It’s the middle of my last semester of college. I’m working on my capstone project for a show in the auditorium at the center of campus that smells of old wood and carpet cleaner. Deadlines for big projects are drawing closer by the minute. Applications for grad school lurk on my laptop bookmarks. I’m holding down two jobs to save enough money for a study-abroad trip to Europe beginning five days after graduation. I still haven’t ordered my regalia. In the midst of the hustle and bustle, I barely have time to grasp the fact that I am becoming an adult. I am an adult, but I sure don’t feel like it.

In high school I thought I would have it all together once I was in college. I would have a boyfriend, live in an apartment, and be set on my career. Now—at twenty-two years old—I’m still single, living with my parents, and trying to figure out what I’m supposed to be doing with my life. Kind of a disappointment to myself, right?

After almost four years of college, I’ve never gone out with a guy besides two Artist Series dates my freshman year. Whenever my friends would start dating or get engaged, I felt that flicker of jealousy and quietly asked, “God, why not me?” Looking back on my early college years, I realize that I didn’t need a boyfriend during those times. God gave me incredible friends and mentors who have helped me and shaped me to be the person I am today, and a romantic relationship, most likely, would have hindered that growth. Some people find their person when they’re younger, and that’s okay. I’m learning that I’m just not one of those people. As nice as it would be to meet a guy and marry him a year later, I realize that a slow relationship that allows for individual growth on both sides is more appealing to me. God has taught me through college the importance of being patient in a season of waiting and the blessings that come with that. As I grow, I’m learning to be thankful.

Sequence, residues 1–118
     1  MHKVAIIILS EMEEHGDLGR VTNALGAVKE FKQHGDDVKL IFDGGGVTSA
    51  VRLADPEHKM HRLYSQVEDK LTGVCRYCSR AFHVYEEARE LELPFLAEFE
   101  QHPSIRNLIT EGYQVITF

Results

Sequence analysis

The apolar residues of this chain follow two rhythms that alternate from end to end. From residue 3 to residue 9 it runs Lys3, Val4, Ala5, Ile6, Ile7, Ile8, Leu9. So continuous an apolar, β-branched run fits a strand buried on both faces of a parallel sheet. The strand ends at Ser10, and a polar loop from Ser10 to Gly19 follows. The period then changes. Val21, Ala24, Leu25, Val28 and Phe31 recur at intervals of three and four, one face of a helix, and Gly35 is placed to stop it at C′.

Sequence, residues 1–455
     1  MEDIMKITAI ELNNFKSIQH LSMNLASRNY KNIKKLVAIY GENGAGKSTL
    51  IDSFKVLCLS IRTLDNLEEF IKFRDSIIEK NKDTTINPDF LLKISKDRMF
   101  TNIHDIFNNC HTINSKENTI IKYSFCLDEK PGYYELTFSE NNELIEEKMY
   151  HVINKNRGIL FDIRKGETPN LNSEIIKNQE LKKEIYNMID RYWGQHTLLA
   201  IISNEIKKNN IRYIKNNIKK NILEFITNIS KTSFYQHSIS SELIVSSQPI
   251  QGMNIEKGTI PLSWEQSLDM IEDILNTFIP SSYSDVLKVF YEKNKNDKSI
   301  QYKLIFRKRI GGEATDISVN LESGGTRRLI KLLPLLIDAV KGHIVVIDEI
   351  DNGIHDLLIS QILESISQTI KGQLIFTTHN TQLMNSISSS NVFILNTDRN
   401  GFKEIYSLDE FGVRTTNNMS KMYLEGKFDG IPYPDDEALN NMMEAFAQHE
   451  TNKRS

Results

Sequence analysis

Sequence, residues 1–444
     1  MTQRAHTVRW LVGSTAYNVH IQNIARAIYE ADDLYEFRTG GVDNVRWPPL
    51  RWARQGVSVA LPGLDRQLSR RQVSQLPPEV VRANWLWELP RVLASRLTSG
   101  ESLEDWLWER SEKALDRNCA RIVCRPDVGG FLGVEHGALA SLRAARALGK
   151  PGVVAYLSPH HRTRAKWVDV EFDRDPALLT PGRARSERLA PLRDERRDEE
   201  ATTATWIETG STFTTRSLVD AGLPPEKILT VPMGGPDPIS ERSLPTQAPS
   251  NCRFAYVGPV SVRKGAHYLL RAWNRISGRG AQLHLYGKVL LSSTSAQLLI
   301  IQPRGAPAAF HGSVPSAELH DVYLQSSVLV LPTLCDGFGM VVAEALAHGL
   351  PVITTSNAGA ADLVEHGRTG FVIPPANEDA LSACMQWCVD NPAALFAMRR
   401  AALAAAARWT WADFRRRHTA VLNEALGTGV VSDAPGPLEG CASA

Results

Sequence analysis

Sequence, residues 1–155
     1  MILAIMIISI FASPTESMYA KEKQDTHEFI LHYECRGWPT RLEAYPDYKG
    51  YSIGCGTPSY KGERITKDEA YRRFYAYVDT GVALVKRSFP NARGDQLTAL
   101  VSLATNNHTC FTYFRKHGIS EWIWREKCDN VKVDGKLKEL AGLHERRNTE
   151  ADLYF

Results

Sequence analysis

When I was in high school, one of my best friends and I were determined to get an apartment together after our sophomore year of college; however, those plans changed when the COVID-19 pandemic hit senior year of high school, and she got engaged the summer after freshman year. All that time looking at wooden furniture and patterned wallpaper seemed to be for nothing. Inflation rises, and people fall in love. That’s life. During my sophomore year, there were so many changes that would’ve made it almost impossible to live on my own. I went through a pretty dark time that year, and I needed my family to be there to support me through it. The more I thought about it, the more I realized how much of a blessing it is to live with my family. They are my support system. I’m learning to cherish these moments that I often take for granted while living at home—my brothers making dumb jokes, my dad jamming out to ’80s music while doing chores, having conversations with my mom and sister while the dog begs for our chocolate chip cookies, etcetera. There will be a day when I won’t be able to see my parents or my siblings as much as I see them now. Even though they can all be annoying at times, I still love them and want to keep making memories with them while I’m at home.

When I was in ninth grade, my dream was to win an Oscar. To be honest, I still have that dream. Film is one of my favorite art forms, and I want to get more involved in it. I even have a very rough first draft of a screenplay I’ve been working on since senior year of high school. However, I don’t know if that dream is even possible; but the Lord has laid more dreams on my heart. He gave me the passion to tell stories. I’d like to continue doing that, whether that’s through film, theater, or writing—maybe all three. The grad school applications I’m looking at are for an MFA in creative writing. I know that’s a step in the right direction. Recently I discovered that I also have a heart for ministry regarding those who struggle with sexual sin and LGBTQ+ ideology in the church. There isn’t much I’ve heard about this type of ministry, even in Christian circles. With the number of people who struggle with these sins and the lack of information to help them, I know something has to change. Currently, I’m working on finding more research on these topics, as well as talking with people about this ministry. I may not know what career path I want to take, but I do know the stirrings in my heart that come from my great God are there for a reason.  

I still have a few weeks left of college, and there’s still time for things to happen in between homework, study-abroad meetings, and painting chairs for Our Town. Maybe I’ll get coffee with that cute guy I want to get to know more. Maybe I’ll move to a different place for grad school. Maybe I’ll win that Oscar or start a ministry—or both. Maybe none of those things will happen, but something better and more beautiful than what I can imagine will happen instead. Looking back on these past four years, I’m sad to see this time in my life draw to a close, and yet I’m excited to step forward into what Belle calls it in Beauty and the Beast: “the great, wide somewhere.”